Chief Joseph White Bull (Pte-san-hunka) was born in April 1849 in the Black Hills of South Dakota. He was the son of Makes Room, a Miniconjou chief, and Good Feather Woman. White Bull was a nephew of Sitting Bull, who was a brother to Good Feather Woman. White Bull was trained in the arts of warfare and hunting, and by adulthood played a major role in the protection of Teton land from settlement.
By the time of the Battle of the Little Bighorn on June 25, 1876, White Bull participated in nineteen battles, and was twenty seven years old. At this battle, the forces of the 7th Cavalry, under the command of Lieutenant Colonel George Armstrong Custer were met by a large contingent of Dakota and Cheyenne warriors. Custer's forces were completely wiped out, with only a lone horse escaping. In this legendary battle, White Bull has sometimes been credited with slaying Custer. White Bull’s writing has been interpreted the following way: he and Custer were engaged in hand to hand combat, but eventually White Bull gained the upper hand. He was able to grab Custer’s carbine, after which he shot Custer in the chest.
White Bull surrendered to government troops in 1876. He eventually became a chief, replacing his father upon his death. He also acted as a judge of the Court of Indian Offenses, and was a proponent of Lakota land claims in the Black Hills. He took part in the 50th Anniversary Commemoration of the battle in 1926, and died on June 21, 1947.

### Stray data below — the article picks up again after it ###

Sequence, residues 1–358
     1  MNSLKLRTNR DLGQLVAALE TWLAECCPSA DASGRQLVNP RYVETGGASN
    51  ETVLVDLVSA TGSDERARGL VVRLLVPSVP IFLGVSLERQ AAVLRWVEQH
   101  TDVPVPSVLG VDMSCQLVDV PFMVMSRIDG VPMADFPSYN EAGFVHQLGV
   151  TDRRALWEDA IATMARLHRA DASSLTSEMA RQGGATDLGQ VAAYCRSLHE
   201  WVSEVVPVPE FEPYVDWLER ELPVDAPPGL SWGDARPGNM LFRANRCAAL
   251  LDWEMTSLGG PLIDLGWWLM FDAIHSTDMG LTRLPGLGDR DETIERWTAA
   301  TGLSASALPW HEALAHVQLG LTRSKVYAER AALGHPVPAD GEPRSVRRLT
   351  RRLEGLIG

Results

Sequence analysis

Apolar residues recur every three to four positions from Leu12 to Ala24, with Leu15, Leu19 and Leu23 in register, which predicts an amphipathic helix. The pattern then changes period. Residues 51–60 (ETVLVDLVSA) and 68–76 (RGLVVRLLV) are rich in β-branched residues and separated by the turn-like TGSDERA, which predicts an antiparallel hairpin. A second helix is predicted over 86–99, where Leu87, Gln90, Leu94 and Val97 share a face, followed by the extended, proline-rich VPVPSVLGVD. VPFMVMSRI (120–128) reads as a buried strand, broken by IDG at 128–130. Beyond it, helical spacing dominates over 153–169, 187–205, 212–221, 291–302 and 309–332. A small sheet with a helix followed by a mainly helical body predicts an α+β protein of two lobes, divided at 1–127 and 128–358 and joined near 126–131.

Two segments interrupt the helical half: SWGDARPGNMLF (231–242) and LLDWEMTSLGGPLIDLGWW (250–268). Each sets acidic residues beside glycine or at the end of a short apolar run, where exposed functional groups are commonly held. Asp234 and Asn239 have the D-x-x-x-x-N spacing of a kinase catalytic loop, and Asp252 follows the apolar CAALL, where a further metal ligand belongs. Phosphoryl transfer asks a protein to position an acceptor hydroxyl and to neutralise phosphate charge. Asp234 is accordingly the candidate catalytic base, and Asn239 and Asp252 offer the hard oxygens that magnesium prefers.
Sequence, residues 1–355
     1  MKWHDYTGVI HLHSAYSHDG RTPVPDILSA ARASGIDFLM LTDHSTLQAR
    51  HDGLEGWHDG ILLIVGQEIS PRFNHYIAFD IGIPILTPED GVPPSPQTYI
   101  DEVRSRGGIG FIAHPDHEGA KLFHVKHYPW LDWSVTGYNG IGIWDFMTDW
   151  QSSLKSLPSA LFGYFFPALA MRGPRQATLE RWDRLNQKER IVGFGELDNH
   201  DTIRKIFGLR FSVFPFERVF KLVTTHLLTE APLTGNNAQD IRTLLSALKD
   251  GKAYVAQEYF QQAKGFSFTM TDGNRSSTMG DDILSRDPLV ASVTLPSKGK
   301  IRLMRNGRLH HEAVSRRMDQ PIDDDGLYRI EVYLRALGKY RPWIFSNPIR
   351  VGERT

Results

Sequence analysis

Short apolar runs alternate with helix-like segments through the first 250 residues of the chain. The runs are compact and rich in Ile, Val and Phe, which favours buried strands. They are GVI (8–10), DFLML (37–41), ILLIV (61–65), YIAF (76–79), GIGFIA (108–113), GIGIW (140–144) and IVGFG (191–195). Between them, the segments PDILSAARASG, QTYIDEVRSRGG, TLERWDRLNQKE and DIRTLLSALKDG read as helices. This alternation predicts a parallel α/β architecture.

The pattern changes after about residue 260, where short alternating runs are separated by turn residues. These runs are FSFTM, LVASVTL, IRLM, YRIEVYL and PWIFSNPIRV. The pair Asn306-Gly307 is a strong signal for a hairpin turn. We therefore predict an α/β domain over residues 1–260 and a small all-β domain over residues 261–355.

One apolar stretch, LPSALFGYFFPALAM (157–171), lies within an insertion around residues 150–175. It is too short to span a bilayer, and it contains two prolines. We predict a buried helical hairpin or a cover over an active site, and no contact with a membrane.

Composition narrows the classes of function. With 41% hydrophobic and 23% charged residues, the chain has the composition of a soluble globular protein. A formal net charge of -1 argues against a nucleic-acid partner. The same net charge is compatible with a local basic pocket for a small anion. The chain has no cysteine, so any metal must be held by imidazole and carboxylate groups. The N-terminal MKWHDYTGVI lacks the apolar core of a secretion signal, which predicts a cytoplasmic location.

Warpath: The True Story of the Fighting Sioux Told in a Biography of Chief White Bull. Written by Stanley Vestal. Originally published by Houghton Mifflin, 1934. Call Number: E99.T34 W488 1984
The Warrior Who Killed Custer: The Personal Narrative of Chief Joseph White Bull. Translated and Edited By James H. Howard. Lincoln: University of Nebraska Press, 1968. Call Number: E99.D1 W66
Lakota Warrior: A Personal Narrative. Edited by James H. Howard. Lincoln: University of Nebraska Press, 1998. Call Number: E99.D1 W66 1999
The White Bull Manuscript, as it is commonly known, was commissioned by Usher Burdick in 1931. Burdick encouraged White Bull to chronicle his life. In a black bound business ledger, White Bull recorded the events of his life in his native Dakota language. The ledger measures 14.75 x 10.5 inches, and contains writings and/or pictographs on a total of 51 pages. The pictographs are rendered in ink, lead pencil and colored crayon, with explanatory text in Dakota. Buffalo and bear hunts, horse raiding exploits, instances of "counting coup," and battles and skirmishes are among the subjects. White Bull also included a typical Teton winter count, or calendrical history. No pictographs were created for the winter count.
Through the generosity of John Douglas Leith (1898-1989), Class of 1920, the University of North Dakota purchased the ledger book from Usher Burdick in 1959. James Howard translated the manuscript in The Warrior Who Killed Custer: The Personal Narrative of Chief Joseph White Bull, published in 1968. A related set of pictographs, also created by White Bull, can be found in the Walter Stanley Campbell Papers at the University of Oklahoma. Campbell commissioned White Bull to draw his life's story in 1932. Campbell, using the pen name Stanley Vestal, published Warpath: The True Story of the Fighting Sioux Told in a Biography of Chief White Bull in 1934.
The White Bull Manuscript was featured in the national art exhibition “Plains Indians Drawings, 1865-1935: Pages from a Visual History,” held by the American Federation of Arts from 1996 to 1998.